Parkers overall rating: 4.7 out of 5 4.7

There are two engine outputs providing Ferrari 458 Italia performance depending on whether you select the standard 458 or opt for the more powerful (and lighter) 458 Speciale.

458 Italia

As the name suggests the 458 Italia uses a 4.5-litre V8, which is naturally aspirated and produces a healthy 562bhp at a heady 9,000rpm. Maximum torque – 540Nm – arrives just 3,000rpm earlier, and at first glance the 458 Italia looks to offer peaky performance, but that’s not how it plays out in reality.

Around 80 percent of that torque figure is on-stream from just 3,250rpm, so you’ve got just shy of 6,000rpm’s worth of powerband to take advantage of.

Do so, and scrabbling from 0-62mph takes just 3.4 seconds, and where permissible 124mph arrives on the digital speedometer just 10.4 seconds after launch. That’s startlingly quick, putting the Italia on a par with the Porsche 911 Turbo in terms of on-paper performance, but above Germany’s super-coupe for drama and emotion as it does so.

It certainly feels as fast as those numbers would suggest when you’re behind the wheel, frantically click-clacking the gearbox paddles that nestle neatly behind the wheel as you hope to select the next ratio before running into the limiter. However, while this engine rips through its range with disarming alacrity, the seven-speed Dual Clutch automatic gearbox happily matches it with an imperceptible let-up in forward motion. And if your fingers aren’t fast enough, you can of course leave it in automatic mode and let the car do the work for you.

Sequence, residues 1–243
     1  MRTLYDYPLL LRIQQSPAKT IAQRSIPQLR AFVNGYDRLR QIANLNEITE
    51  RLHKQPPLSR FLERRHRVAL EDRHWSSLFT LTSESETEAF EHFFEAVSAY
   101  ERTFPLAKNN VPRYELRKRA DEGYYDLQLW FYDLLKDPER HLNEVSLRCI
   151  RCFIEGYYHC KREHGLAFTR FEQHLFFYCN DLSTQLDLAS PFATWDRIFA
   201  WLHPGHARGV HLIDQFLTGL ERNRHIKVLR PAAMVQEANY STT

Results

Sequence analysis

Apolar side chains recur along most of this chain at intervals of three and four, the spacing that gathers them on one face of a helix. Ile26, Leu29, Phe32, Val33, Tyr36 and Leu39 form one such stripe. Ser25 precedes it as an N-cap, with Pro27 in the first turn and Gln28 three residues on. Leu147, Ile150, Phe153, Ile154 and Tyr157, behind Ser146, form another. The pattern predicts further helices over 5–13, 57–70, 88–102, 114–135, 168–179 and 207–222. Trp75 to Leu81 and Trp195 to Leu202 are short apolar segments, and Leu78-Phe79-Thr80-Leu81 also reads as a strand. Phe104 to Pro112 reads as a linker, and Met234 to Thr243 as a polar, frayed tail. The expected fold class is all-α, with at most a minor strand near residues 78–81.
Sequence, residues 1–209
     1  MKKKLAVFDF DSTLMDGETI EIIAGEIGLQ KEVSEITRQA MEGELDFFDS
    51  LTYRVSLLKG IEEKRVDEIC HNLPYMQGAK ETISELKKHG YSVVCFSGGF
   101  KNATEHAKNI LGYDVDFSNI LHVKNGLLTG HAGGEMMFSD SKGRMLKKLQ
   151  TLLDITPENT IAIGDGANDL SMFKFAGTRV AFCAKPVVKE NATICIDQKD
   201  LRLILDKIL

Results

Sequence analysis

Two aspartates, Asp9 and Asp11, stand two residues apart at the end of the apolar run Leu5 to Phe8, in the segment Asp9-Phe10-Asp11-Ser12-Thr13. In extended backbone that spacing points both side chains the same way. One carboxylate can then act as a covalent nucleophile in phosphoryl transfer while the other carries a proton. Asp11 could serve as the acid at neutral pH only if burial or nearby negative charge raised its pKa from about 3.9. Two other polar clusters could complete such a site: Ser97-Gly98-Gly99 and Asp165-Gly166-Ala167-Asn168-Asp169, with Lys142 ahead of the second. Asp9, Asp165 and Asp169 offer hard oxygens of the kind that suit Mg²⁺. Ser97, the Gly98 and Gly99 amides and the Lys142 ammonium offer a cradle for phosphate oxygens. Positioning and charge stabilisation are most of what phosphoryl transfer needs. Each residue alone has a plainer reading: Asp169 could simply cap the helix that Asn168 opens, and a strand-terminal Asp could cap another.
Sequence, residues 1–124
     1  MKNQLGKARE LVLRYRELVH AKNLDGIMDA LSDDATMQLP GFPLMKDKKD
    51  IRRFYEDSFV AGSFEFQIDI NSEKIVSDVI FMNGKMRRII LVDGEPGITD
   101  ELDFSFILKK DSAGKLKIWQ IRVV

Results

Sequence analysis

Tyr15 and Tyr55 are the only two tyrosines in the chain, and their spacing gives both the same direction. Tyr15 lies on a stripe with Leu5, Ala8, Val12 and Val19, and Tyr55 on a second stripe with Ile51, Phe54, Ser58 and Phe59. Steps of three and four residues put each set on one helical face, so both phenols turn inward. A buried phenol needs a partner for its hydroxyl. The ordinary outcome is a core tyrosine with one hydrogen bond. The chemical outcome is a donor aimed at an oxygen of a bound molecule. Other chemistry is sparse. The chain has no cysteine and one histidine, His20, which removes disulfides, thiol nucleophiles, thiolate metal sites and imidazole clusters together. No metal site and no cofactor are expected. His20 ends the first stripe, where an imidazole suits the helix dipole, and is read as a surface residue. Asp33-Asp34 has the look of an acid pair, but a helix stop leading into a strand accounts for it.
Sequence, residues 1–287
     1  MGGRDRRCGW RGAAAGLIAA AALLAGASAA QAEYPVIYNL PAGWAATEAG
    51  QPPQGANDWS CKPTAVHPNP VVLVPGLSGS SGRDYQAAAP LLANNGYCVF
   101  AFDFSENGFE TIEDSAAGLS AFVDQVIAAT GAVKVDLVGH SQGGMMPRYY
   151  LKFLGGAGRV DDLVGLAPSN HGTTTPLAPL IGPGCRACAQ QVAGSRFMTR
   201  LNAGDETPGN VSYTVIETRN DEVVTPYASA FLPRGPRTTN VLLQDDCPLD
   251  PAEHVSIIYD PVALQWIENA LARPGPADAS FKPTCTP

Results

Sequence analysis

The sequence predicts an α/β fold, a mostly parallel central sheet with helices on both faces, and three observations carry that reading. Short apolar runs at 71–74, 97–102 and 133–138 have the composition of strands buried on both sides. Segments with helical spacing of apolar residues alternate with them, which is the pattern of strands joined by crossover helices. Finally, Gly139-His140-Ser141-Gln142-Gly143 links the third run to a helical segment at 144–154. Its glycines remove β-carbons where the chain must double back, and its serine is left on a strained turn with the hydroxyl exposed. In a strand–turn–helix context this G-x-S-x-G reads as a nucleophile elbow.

458 Speciale

For the Ferrari 458 Speciale it’s business as usual in this department, just with everything turned up to eleven.

The new exhaust has a different routing, redesigned intake tract and different silencer configuration so the Speciale sounds louder and more purposeful from the off. Alongside the bark from the V8 at start up you’ll notice a fizz that emanates through the chassis and controls, filtering its excitement through to the driver. It’s not un-refined, simply a more involving place to sit than in the standard 458 Italia, and even at idle this model is as special as its name suggests.

And so it should be, as while it essentially uses the same 4.5-litre V8 engine found in the 458 Italia, there have been comprehensive updates to improve its performance – with consistency. So although peak torque remains the same, power jumps to 597bhp courtesy of modified pistons, shorter inlet ducts on the intake manifolds, increased lift on the valves and different cams.

To cope with the increase in power, parts of the pistons and rods are made from a new material and the crankshaft was redesigned, while the carbon fibre intake and aluminium exhaust helped with an 8kg weight loss for the powerplant.

All of that work means the Ferrari 458 Speciale can slingshot from 0-62mph in 3.0 seconds and to 124mph in just 9.1 seconds. That no longer puts it on a par with the Porsche 911 Turbo but the Turbo S, or even the near £300,000 McLaren 675LT.